The Business History Community

Business history preserves the material culture of corporations and tells the story of American business history as well as community history. This AASLH community is designed for professionals within corporations or corporate museums who collect and interpret history or use history to market corporations, and provides a forum for networking and professional development.

The Business History Affinity Community is tailor-made to facilitate networking among professionals who run corporate history programs.

Through affinity luncheons, sessions at the Annual Meeting, tours of museums and archives that contain business history collections, the Business History Affinity Group works to articulate the value of business history, address public perceptions about funding, and provide a forum for networking and professional development.

Professionals affiliated with the business history community:

  • use a business’ past to talk about its future, or the role the company has played in community development;
  • interpret business and corporate history to further the public’s understanding of science, technology and/or the company’s field;
  • work in a corporate or business museum, archive or visitor center;
  • help a corporation decide whether or not to invest in a business history program;
  • work for a history institution that is owned and/or managed by a business.

The Business History Affinity Community is led by the following committee:

Sarah Lund-Goldstein, Chair (2013-2018)
Contract Archivist
slundgold@gmail.com

Neil Dahlstrom (2014-2018)
Deere and Company
DahlstromNeilA@JohnDeere.com

Nick Graves (2015-2017)
Walmart Heritage Group
nicholas.graves@wal-mart.com

Lynn Heidelbaugh (2014-2018)
National Postal Museum
heidelbaughl@si.edu

Dave J. Moore (2016-2018)
Carhartt, INC.
dmoore@carhartt.com

Cindy Olsen (2015-2019)
Little Caesar’s Enterprises
cindy.olsen@lcecorp.com

Madison Sevilla (2017-2019)
Buffalo Trace Distillery
msevilla@buffalotrace.com

Patrick Wittwer (2014-2018)
Wells Fargo History Museum (PA)
Patrick.wittwer@wellsfargo.com

Keep up with business history blogs on the AASLH blog.

Looking for more? Browse business history resources in the AASLH Resource Center.

 

AASLH Staff Contact

Natalie Flammia
flammia@aaslh.org
615-320-3203

Sign up for our listserv.

Stay tuned for information on joining our community!

Corporate History

Corporations, local and national, have played a major role in American society. The story of enterprise is important to a full understanding of the history of politics, society and culture in America.

Statement of Practice

The American Association for State and Local History is a membership association comprising individuals, agencies, and organizations acting in the public trust, engaged in the practice of history, and representing a variety of disciplines and professions. The Association expects its members to abide by the ethical and professional standards adopted by appropriate discipline-based and professional organizations.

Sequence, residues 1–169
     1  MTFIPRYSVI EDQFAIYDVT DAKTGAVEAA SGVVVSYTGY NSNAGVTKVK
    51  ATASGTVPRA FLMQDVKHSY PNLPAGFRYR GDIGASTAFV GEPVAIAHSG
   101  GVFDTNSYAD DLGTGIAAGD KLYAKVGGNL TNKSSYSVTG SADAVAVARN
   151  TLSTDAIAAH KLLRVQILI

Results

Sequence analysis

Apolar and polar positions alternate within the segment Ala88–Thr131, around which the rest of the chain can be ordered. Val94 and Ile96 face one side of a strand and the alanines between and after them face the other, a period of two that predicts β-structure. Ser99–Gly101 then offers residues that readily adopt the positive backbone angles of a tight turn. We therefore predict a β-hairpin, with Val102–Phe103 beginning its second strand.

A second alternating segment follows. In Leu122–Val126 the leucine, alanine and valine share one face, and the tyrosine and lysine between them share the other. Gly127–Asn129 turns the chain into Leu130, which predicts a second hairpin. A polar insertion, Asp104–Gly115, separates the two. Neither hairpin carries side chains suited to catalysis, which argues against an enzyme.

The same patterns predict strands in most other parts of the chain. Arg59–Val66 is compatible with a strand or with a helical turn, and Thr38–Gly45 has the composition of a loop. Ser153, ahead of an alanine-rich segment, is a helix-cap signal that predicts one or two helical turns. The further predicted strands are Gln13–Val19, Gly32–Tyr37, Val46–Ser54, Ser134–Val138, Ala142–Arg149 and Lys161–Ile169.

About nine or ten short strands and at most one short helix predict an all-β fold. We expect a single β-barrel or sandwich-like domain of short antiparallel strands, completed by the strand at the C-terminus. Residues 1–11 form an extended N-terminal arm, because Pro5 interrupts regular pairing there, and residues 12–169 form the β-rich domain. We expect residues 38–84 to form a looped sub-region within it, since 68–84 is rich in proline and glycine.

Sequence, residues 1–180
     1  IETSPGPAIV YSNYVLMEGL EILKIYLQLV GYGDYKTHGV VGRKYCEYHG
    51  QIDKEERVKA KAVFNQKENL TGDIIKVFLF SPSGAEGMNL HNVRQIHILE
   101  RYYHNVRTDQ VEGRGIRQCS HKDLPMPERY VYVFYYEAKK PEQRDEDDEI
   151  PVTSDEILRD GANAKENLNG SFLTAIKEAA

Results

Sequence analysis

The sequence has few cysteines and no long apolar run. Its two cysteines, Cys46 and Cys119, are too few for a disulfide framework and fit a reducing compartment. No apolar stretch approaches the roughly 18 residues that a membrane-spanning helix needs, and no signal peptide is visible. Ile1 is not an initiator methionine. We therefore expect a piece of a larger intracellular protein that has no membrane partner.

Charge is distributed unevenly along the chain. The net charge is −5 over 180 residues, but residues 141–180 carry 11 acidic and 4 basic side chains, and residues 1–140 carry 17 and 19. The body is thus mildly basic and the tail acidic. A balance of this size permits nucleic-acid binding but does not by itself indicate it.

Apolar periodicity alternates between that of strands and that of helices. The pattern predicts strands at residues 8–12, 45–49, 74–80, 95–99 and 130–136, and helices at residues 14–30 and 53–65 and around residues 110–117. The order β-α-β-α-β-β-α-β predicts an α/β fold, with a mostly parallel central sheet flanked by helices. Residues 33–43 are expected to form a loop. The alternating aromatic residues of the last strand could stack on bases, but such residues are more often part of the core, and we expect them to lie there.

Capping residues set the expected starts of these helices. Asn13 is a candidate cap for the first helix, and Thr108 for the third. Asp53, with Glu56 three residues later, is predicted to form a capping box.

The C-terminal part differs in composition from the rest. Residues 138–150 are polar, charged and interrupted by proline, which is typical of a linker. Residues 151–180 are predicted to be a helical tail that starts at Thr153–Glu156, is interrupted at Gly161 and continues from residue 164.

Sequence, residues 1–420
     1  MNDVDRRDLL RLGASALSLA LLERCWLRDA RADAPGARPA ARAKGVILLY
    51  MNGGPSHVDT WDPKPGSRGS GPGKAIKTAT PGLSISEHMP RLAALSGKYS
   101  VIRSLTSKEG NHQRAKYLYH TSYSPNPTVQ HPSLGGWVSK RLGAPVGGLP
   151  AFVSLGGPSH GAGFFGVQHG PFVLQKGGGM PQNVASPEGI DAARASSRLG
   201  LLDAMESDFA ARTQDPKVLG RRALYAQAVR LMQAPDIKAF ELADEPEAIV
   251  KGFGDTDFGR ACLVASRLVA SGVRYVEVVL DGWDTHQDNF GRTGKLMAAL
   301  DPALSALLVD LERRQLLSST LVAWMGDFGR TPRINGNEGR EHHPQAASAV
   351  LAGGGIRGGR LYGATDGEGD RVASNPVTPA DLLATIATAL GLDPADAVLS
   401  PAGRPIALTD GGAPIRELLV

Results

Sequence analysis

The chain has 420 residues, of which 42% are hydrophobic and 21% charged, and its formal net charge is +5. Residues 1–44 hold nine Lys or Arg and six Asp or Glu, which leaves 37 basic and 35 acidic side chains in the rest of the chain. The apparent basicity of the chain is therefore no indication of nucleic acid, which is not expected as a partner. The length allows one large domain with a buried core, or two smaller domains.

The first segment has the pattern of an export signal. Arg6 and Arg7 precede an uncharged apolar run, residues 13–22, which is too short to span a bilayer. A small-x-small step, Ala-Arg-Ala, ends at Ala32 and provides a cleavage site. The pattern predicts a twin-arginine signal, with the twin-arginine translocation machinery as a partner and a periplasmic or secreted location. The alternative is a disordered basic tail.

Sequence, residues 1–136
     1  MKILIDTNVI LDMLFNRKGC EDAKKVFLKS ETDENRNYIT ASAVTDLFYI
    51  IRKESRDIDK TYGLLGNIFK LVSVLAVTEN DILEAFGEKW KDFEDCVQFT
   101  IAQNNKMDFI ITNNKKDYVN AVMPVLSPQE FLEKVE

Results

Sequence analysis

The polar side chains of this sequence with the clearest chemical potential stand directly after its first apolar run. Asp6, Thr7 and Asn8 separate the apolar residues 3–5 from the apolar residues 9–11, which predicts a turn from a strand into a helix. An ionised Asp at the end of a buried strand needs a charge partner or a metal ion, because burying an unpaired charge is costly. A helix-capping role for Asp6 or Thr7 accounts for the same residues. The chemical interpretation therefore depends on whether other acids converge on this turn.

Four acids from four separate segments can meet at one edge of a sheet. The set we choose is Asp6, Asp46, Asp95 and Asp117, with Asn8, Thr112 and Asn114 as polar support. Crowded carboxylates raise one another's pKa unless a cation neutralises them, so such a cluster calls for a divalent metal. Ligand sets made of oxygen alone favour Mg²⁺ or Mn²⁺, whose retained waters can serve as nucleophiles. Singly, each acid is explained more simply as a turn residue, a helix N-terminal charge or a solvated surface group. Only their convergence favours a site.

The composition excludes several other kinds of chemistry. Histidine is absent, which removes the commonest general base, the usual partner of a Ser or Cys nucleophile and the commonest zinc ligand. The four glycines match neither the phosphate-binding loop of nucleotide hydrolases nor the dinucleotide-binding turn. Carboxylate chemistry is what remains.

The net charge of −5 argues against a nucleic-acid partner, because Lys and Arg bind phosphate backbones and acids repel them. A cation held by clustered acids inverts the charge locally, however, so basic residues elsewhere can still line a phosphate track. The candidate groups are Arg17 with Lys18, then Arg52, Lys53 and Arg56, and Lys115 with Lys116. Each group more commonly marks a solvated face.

This statement of practices is designed to be a standard for the professional practice of collecting, preserving, and interpreting the history of America’s corporate past by American businesses. It is essential for corporate employees to understand that there are specific business benefits to a collections program, and that the collection of historical and archival materials is an active ongoing process designed to assist corporate planning and growth.

Corporate archives and museums exist and are important because they:

  • Contribute to an understanding of both the specific firm and the history of the local community
  • Contribute to a broader understanding of American social history
  • Contribute to a greater understanding of the history of the American family
  • Provide a tool for management training
  • Provide valuable public relations and advertising material
  • Preserve an institutional memory that serves corporate planning purposes
  • Provide an accurate legal record and resource for the corporation itself

It is important that corporations commit to making the preservation of their institutional history a priority, not only for their business interests, but also as an act of the public trust for the communities in which they reside and that they serve.

The following are recommended for the success of a corporate archive or museum program:

  • Adequate, continuing financial support to meet the challenge of caring for the historical memory of the institution in perpetuity, including resources for maintenance and growth
  • Secure, sound storage facilities where the care, conservation, and management of the company’s document and artifact collections are a top priority. Since historical collections are the bedrock upon which the practice of history rests, corporation should always act to preserve the physical and intellectual integrity of their collections
  • Sufficient, adequate staff who are professionally trained to acquire, care for, interpret or make available for interpretation the documents and artifacts of the corporation
  • Interpretation which is based on sound historical scholarship and accurately reflects the facts as they have been documented
  • Adequate planning and balanced program administration, which make historical records accessible for use by researchers, academics, and/or the public